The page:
Kirwa has some funny results – of 94 schools it comes 20th in maths but 85th in science and 83rd in maths. Edouard has no idea why there should be such an enormous discrepancy, and it’s pretty unique among my schools. Kirwa also has one of the highest rates of redoublement of all my schools – almost one child in three is repeating a year. Edouard says it’s because the school sets high standards and refuses to let a child move up a year unless everyone feels he/she is ready, but I tell him that this rate of repeating must be brought down. It is one of the main reasons why children drop out of education before finishing all six years of primary school.

Our moto drivers are asking for more money because Kirwa is far further than they realised. They would have taken us to Rugendabari school – the wrong one – if I had not intervened and shouted to them. It’s coming to something once again when I know where I’m going more than the locals do! I’m offering 6000 for the return trip; they want 8000; I split the difference and agree 7000. After all, they are driving very carefully with Catherine because they know she’s not used to motos, and there are some dodgy bits of road we’ve come through including up to twenty log bridges and of these a handful which are desperately wobbly or with the logs so far apart it would be dead easy for the bike wheels to get stuck between logs and pitch rider and passenger down into the muddy stream far below. We’re just at the point of leaving Kirwa, surrounded by teachers, pupils and some villagers, when Catherine’s driver loses control, and she’s pitched off the back of the bike and lands heavily on the earth. She’s not muddy, but has a nasty bruise and scratch on her rump.

It stays dry all day, and in the end we have a very successful trip. Catherine wants to go straight home and rest, and I don’t blame her. It’s been about an hour and a quarter each way on the bikes, and when you’re not used to them that’s a hard experience, even on tarmac roads. I think Catherine has done brilliantly on these motos, and also in her relations with the pupils and teachers in the schools. She’s certainly not going to forget her African schools for a long time!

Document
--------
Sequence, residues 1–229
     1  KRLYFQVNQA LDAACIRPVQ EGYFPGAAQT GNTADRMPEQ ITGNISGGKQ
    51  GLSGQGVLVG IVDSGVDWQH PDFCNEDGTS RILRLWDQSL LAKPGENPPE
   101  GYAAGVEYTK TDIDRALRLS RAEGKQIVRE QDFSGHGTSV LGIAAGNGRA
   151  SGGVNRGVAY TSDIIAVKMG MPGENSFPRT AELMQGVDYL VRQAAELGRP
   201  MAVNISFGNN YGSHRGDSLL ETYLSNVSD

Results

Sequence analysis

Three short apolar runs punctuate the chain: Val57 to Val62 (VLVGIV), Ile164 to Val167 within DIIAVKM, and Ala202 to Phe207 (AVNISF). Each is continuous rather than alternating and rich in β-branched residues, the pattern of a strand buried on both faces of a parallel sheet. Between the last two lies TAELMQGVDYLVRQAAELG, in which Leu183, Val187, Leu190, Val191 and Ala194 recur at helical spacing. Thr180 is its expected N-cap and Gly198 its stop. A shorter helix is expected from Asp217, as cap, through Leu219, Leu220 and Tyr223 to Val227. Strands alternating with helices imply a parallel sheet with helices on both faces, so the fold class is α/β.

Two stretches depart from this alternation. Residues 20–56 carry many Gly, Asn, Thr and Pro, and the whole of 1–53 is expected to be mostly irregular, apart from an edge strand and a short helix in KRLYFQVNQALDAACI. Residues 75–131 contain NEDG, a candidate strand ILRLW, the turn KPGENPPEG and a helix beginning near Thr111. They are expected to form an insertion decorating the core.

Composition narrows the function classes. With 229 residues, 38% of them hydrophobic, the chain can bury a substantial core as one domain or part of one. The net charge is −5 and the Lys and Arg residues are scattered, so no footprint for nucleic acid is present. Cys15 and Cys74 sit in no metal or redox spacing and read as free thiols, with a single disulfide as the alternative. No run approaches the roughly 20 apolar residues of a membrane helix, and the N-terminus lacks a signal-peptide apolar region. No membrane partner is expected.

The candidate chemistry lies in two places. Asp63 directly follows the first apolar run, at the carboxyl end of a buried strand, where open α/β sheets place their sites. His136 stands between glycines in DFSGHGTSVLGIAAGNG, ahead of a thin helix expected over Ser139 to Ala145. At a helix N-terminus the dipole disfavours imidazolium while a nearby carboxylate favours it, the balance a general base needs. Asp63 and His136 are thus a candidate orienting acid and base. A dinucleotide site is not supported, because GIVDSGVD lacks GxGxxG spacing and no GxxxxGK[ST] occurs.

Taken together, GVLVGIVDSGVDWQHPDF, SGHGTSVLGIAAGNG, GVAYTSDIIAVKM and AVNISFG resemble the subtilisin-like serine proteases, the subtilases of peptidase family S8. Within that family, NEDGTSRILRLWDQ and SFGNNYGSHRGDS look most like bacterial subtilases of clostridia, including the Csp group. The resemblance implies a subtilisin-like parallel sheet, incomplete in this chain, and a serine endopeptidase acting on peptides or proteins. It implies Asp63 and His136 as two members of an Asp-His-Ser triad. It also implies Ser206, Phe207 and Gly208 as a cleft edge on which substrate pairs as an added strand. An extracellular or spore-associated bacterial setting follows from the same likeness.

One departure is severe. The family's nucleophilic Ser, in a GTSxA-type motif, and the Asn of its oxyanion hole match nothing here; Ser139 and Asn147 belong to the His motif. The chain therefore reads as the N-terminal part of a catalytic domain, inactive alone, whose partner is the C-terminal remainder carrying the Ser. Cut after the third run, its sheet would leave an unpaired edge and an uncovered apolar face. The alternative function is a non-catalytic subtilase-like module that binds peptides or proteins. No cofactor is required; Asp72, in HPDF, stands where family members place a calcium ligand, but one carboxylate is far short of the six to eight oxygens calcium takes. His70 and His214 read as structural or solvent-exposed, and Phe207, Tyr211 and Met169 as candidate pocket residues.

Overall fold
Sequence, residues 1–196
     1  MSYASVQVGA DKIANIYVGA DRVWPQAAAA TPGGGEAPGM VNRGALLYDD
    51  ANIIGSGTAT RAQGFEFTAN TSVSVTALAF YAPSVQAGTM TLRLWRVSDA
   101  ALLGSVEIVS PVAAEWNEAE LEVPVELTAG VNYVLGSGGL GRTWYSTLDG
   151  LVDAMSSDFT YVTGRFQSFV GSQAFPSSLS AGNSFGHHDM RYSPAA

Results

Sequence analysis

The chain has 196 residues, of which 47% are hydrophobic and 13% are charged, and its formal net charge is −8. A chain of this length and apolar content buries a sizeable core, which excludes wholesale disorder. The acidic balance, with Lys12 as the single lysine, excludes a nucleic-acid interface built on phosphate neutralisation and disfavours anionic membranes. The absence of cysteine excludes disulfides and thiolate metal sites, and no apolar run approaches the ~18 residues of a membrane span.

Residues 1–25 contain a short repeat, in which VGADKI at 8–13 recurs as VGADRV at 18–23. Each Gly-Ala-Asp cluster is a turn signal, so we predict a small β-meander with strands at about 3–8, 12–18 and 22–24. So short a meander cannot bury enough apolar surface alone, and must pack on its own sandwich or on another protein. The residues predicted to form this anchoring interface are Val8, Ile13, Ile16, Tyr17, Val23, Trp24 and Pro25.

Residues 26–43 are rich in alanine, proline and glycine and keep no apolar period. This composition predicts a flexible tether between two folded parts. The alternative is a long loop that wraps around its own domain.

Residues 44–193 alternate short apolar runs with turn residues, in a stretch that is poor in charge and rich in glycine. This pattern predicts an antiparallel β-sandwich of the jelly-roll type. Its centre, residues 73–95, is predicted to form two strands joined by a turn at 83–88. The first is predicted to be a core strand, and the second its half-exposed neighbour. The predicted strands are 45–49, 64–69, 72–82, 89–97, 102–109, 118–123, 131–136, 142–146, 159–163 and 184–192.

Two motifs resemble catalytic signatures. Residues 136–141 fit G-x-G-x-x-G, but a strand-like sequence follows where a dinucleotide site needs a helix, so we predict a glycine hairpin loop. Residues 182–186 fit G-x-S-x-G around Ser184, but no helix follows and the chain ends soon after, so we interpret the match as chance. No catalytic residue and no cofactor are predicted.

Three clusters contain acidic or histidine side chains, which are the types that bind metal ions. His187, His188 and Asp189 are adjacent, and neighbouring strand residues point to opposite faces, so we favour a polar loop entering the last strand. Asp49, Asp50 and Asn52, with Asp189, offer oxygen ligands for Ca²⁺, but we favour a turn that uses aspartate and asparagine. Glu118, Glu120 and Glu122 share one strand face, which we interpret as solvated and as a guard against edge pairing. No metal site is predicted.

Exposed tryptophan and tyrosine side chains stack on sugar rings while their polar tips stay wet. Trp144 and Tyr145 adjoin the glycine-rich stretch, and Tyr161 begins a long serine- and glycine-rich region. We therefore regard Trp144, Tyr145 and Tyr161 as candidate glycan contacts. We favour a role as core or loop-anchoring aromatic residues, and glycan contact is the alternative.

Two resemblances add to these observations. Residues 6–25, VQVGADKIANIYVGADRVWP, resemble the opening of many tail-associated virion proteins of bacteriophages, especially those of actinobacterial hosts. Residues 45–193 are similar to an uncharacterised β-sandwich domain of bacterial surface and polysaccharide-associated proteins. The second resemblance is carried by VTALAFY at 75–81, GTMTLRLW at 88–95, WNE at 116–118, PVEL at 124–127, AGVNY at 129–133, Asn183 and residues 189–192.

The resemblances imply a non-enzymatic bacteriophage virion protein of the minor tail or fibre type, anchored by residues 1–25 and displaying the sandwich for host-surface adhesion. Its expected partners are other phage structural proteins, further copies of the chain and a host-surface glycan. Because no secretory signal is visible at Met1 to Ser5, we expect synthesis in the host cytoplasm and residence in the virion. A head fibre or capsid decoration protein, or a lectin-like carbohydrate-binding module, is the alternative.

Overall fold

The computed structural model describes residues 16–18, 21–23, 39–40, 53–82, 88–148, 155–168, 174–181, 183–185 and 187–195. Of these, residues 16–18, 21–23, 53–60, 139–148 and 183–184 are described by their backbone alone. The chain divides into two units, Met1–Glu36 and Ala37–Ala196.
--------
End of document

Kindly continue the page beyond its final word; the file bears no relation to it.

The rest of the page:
I go up to the office – Védaste has phoned me and wants copies of all my census stats. Instead of taking about five minutes we end up spending an hour in the office because his computer is playing up (again). A girl relative of his – very attractive and in her early twenties – wants a printout of her official exam results. Rwanda is very hip with this – the results are printed on a government web site and you have to input your exam candidate number to get access. We find that the best way to get to the official site is through the link on my blog, and Marie-Clarisse eventually gets her results. Then she wants to get those of all her girlfriends, and we spend half an hour trawling through the official slips. It’s an efficient web site, and puts a lot of our English exam results systems to shame. See – here is something to do with technology that Rwanda is already doing better than we are at home!

In the evening Catherine goes out for a meal and a girly chat with Becky. Tom’s off to Nyagatare in the north east, collecting an FHI visiting party who have been working there and won’t be back till tomorrow. So it’s just me and the guard to feed, and I do a huge meal. While I’m in the middle of eating the girls come back, closely followed by Hayley, Charlotte and Soraya who have come to collect Hayley’s “Guardian” and gloat that they’ve just had a sauna and massage in town. So for half an hour there are five girls in the flat, with me as the token male.

I’m writing this blog at half past nine; I’d intended to do three days’ blogs plus my Kirwa school write up, but I’m tired and it just isn’t going to happen!

Best thing about today – everything. A thoroughly nice day for me as well as for Catherine. She has had a really good look at African primary schools and has learnt an enormous amount about what everyday life means in this poverty stricken little country. So far we’ve managed to combine the touristy and working elements of life very effectively. She’s lived the life of a VSO and at the same time done some of the main touristy things everyone does here.